Geraldine Mitchell 71
If we opened people up we'd find landscapes -
if we opened me up, we'd find beaches.
- Agnès Varda, filmmaker
If they opened me up, they'd find
a mood lighting showroom, luminous blue
to begin with, the negative light of my mother's
UV lamp, and us lined up in knickers and goggles
for our stop-watched time in the sun.
I spent years on a dimmer switch, grey mornings
luminous enough but undecided whether to step forward
or retreat into moonlight, the nostalgia of pewter,
dreams that aborted, the metallic sheen of
daylight’s deferred arrival.
There I stand still, dragging out the pleasure
of thresholds, timed lighting, of entries and exits,
staircases, lobbies and lifts, neither inside nor out,
not dark, not quite light, still waiting
for the stopwatch to ping.
out of kilter
for Mike Merchant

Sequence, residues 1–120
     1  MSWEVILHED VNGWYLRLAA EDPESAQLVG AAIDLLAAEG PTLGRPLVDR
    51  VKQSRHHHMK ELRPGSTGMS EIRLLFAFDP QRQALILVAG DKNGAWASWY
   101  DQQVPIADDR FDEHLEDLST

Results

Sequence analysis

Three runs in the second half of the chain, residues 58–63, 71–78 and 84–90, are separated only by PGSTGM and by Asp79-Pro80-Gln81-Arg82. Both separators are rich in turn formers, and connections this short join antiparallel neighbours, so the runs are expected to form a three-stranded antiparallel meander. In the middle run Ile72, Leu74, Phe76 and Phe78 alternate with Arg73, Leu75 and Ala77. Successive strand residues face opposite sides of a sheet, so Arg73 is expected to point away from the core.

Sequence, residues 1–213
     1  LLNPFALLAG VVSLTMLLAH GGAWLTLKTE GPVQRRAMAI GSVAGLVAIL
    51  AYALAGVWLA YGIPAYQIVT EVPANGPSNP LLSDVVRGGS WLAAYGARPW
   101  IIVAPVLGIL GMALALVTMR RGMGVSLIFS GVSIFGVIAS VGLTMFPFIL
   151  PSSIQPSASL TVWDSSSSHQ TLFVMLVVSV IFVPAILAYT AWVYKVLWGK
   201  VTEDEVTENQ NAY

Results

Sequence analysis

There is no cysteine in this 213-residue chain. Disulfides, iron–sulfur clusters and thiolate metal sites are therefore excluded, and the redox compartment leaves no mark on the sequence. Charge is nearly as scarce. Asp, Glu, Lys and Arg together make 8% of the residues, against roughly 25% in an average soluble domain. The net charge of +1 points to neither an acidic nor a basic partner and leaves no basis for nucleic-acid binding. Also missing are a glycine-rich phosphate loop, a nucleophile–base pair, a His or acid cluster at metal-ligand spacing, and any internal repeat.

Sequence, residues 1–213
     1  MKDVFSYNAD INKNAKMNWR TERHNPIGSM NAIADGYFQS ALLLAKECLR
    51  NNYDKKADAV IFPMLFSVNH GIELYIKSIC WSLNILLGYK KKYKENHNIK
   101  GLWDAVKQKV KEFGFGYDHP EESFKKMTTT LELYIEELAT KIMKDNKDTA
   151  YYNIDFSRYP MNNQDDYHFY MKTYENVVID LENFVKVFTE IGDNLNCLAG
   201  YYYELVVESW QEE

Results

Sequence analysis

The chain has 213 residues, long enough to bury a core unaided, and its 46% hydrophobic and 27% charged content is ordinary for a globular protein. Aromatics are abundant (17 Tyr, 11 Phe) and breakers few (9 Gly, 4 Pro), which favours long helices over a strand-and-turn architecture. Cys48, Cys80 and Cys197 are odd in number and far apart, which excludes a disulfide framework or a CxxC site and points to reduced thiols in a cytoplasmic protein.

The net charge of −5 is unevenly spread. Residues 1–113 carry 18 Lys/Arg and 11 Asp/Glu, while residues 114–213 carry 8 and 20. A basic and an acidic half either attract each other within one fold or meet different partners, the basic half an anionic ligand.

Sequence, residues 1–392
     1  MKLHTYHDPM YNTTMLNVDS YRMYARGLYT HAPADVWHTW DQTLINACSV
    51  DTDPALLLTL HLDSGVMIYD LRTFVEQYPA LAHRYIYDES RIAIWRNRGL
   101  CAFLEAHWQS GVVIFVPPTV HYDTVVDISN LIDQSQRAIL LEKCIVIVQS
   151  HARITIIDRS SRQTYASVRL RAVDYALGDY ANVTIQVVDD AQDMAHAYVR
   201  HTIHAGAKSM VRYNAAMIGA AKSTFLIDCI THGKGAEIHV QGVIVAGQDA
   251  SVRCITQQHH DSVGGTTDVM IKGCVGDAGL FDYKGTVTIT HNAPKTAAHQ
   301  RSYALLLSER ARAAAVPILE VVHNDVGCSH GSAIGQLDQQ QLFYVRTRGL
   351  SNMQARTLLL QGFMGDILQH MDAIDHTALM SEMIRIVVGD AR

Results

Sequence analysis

Get your horizon straight, the photographer said,
dismissing my exquisite picture with four words.
And now, although I know Earth’s surface curves
I cannot leave the house, or go to bed, without
first sizing up the distance, right and left, of
sea to sky or sky to shore. Away from home,
I search for horizontal lines to take
my bearings from: the roofs of houses, a well-
clipped hedge, wires
between old poles
linking farm to barn
scraps of voice still snagged
in the sagging cables,
swifts littering the sky with
and the noon sun pressing down,
plumb to the tilted ground
beneath my feet.
Geraldine Mitchell is an Irish poet living on the Co. Mayo coast. She is a Patrick Kavanagh Poetry Award winner and her most recent collection of poems, Mountains for Breakfast, was published in 2017 and reviewed by Dawn Gorman in The Interpreter’s House #66. Her previous collections are World Without Maps and Of Birds and Bones. She is published by Arlen House. www.geraldinemitchell.net